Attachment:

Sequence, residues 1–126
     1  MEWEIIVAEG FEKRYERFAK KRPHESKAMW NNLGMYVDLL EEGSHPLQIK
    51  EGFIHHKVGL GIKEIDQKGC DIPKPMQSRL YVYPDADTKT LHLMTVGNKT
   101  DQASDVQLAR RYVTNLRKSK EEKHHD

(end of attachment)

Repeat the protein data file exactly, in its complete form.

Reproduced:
Sequence, residues 1–126
     1  MEWEIIVAEG FEKRYERFAK KRPHESKAMW NNLGMYVDLL EEGSHPLQIK
    51  EGFIHHKVGL GIKEIDQKGC DIPKPMQSRL YVYPDADTKT LHLMTVGNKT
   101  DQASDVQLAR RYVTNLRKSK EEKHHD